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Don’t Call Me Bobby: Throwing Lines with Coach Knight
"You never know if a kid is going to do what you've told him to do, and actually, I've had flies that have reacted a lot better to my instructions over the years than a lot if the players I've had, so maybe I'm better at fly-fishing than coaching."

“You never know if a kid is going to do what you’ve told him to do, and actually, I’ve had flies that have reacted a lot better to my instructions over the years than a lot if the players I’ve had, so maybe I’m better at fly-fishing than coaching.”

[dropcap]W[/dropcap]hile on deck and in pursuit of game fish, we anglers become acutely aware of our surroundings. We hear every surface disturbance, see any oddly shaped object or movement in the water, feel even the slightest tick in the rod tip, and at times, we can almost taste and smell the presence of fish.

One man who knows all too well about senses reaching superhero sensitivity in the heat of the moment is Bob Knight, who earned a reputation as one of the, if not the, best college basketball coaches in history. To earn such a status, Knight had to remain extremely ­focused at all times. In his element, he missed nothing — he could see and capitalize on every weakness of opposing teams; he could feel his five players jell as a single unit; he could hear every sneaker squeak on the hardwood; and because he was so incredibly dialed in, he became quite familiar with the smells and tastes of victory.

So, what does a legendary collegiate basketball coach have to do with fly-fishing? Well, it just so happens that Knight feels every bit as at home on the flats as he does on the basketball court.

The idea to learn more about Knight’s angling habits came when Fly Fishing in Salt Waters contributor Mark B. Hatter recounted a firsthand interaction he had with Coach:

“Coach Bobby Knight called for me?” I asked my wife. “How should I know?” she said. “He left a number; call him.” The college basketball coaching icon had called me about a feature story I’d written for Fly Fishing in Salt Waters about chasing bonefish on the flats of South Caicos. He wanted to know if my story was “real or bullshit.” We chatted for a bit, and by the end of our conversation, I’d convinced “Coach” the fly-fishing was as good as I’d described. In appreciation for the “G2” he’d send me a Texas Tech shirt. I didn’t get the shirt, but, since that call five years ago, both Coach and I independently have been regulars at Bibo Jayne’s bonefish operation on South Caicos. Recently, an email from Bibo mentioned he was fishing Coach in the coming week. I wrote back a one-liner: “Tell that bastard he still owes me a shirt!” A week later, my Texas Tech shirt had finally arrived with a nice, personal letter from Bobby Knight.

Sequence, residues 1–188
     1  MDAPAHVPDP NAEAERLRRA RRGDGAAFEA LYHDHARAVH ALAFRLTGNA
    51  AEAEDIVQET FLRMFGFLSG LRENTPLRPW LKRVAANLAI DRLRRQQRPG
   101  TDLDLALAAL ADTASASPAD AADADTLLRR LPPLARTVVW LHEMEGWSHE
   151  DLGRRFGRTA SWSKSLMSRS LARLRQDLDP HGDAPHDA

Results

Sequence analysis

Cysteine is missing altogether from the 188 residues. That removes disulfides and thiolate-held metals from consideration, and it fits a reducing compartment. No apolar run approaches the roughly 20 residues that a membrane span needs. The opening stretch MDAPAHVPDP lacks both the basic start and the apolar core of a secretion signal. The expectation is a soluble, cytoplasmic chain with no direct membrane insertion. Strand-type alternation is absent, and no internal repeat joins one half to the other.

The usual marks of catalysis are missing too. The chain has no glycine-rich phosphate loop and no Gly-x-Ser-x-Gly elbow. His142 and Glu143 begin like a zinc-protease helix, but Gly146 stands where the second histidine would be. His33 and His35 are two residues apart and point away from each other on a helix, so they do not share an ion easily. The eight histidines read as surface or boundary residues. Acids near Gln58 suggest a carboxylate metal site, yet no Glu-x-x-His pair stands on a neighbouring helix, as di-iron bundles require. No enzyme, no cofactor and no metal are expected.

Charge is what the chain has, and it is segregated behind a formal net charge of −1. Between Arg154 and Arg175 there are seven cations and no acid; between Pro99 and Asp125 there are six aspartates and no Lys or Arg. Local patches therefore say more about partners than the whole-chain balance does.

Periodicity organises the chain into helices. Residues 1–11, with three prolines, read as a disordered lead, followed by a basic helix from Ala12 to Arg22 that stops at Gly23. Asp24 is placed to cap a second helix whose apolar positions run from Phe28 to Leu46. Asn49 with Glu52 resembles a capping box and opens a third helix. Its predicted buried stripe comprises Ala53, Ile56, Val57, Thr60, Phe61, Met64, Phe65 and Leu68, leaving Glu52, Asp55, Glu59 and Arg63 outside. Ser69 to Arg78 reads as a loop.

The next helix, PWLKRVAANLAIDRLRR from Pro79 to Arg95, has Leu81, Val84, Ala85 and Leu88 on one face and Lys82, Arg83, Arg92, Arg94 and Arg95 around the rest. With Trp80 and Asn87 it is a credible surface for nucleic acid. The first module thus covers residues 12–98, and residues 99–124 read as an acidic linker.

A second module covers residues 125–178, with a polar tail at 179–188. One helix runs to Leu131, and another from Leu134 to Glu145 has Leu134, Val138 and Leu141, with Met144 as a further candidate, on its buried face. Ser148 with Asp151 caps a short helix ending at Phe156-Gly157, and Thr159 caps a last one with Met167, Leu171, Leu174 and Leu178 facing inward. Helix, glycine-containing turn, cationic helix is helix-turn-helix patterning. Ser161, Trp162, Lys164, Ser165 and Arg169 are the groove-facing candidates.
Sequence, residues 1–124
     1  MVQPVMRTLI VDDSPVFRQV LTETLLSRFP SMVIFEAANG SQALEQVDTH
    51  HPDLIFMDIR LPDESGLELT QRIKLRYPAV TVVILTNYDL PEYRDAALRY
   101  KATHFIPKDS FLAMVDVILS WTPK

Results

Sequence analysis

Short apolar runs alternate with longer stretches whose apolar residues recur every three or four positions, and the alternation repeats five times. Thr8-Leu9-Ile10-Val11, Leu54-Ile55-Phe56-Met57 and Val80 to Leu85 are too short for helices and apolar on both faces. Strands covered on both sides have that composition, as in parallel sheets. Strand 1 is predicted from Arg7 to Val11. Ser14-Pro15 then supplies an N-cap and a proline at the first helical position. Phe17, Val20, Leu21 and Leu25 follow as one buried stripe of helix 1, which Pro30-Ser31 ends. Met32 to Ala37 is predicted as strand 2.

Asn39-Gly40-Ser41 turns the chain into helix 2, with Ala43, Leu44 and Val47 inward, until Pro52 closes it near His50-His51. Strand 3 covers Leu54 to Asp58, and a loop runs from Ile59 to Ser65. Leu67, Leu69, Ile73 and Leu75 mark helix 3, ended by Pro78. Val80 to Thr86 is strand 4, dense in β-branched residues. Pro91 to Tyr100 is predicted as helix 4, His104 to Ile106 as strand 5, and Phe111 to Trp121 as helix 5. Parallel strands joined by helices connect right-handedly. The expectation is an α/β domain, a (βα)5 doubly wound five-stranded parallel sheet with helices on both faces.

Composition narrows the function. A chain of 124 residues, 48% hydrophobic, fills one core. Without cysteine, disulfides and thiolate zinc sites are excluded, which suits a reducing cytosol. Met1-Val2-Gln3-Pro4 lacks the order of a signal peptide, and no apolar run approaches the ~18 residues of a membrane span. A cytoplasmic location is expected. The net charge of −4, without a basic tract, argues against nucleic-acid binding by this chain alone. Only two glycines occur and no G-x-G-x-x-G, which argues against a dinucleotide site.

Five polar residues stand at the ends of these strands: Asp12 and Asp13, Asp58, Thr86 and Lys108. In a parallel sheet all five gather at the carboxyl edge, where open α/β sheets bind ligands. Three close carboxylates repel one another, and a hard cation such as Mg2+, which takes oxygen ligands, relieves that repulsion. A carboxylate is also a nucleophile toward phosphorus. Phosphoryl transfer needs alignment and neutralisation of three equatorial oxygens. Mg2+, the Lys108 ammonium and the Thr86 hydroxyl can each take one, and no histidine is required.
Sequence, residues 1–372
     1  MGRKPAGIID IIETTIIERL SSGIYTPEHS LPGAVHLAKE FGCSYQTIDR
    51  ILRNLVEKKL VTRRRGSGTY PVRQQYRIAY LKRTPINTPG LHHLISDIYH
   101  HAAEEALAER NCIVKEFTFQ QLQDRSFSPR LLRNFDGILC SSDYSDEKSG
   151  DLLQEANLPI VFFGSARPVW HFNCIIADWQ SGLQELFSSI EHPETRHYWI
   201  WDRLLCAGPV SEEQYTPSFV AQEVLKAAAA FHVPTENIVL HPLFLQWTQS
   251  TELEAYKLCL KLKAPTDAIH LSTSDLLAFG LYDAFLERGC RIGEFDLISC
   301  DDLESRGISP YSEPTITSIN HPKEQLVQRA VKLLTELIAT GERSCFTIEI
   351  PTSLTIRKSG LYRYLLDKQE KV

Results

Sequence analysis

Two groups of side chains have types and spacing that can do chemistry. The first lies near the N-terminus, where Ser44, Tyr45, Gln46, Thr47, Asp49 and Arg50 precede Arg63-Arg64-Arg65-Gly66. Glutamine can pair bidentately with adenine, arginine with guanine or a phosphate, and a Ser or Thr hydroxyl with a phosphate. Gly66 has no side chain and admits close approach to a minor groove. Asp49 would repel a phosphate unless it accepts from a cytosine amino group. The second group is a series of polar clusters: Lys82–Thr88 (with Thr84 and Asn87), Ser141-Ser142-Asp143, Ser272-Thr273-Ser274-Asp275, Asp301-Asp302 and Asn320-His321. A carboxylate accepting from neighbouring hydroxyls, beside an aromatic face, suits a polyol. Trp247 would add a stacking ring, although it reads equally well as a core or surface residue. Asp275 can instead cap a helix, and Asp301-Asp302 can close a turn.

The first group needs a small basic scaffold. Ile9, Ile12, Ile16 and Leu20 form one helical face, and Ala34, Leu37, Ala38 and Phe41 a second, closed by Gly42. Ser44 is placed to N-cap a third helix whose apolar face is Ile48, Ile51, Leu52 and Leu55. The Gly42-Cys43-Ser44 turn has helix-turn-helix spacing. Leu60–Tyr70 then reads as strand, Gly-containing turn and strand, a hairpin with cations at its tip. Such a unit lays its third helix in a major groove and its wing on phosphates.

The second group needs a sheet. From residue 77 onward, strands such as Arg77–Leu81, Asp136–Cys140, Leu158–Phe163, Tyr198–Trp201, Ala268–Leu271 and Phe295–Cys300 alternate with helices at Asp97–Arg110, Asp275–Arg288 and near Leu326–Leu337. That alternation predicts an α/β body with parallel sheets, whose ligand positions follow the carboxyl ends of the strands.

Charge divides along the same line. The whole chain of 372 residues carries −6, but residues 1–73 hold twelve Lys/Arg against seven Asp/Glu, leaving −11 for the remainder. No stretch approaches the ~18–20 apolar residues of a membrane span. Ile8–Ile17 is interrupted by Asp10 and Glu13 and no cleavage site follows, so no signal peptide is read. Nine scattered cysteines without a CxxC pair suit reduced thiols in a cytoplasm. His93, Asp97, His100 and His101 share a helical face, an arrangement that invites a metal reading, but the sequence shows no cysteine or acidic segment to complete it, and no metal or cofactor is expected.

Angling in Iowa.

Angling in Iowa.

Tracking down a four-time coach of the year proved tricky, especially with March Madness just around the corner. When I finally did connect with Knight, introductions were exchanged, and I made the mistake of referring to him as Bobby — once I was corrected and the proper name of Bob was established, he explained how his love for fly-fishing began.

In 1973, he traveled to Montana with a spinning outfit in hand to fish the Madison River for big rainbow trout. After having caught his share of fish, he was intrigued with the other anglers on the river using dry flies. On the third day of his trip he borrowed a fly rod, and right then and there he was hooked.

To most of us, basketball is just a game, but when the game is played at the level Coach Knight is accustomed to, it becomes a completely different animal. The stress, blood, sweat and tears that inevitably have to be put in to compete with the best of the best have to take their toll. I figured fly-fishing was something that Coach did only during the offseason as a way to mentally unwind and physically heal from the torment of a basketball season. Interestingly enough, fly-fishing is not a casual hobby for Knight and it’s not something he does once or twice a year — it’s something that he does as often as he possibly can. He’s an equal opportunity fisherman who doesn’t particularly have a favorite species or a favorite destination; he simply likes to fly-fish.

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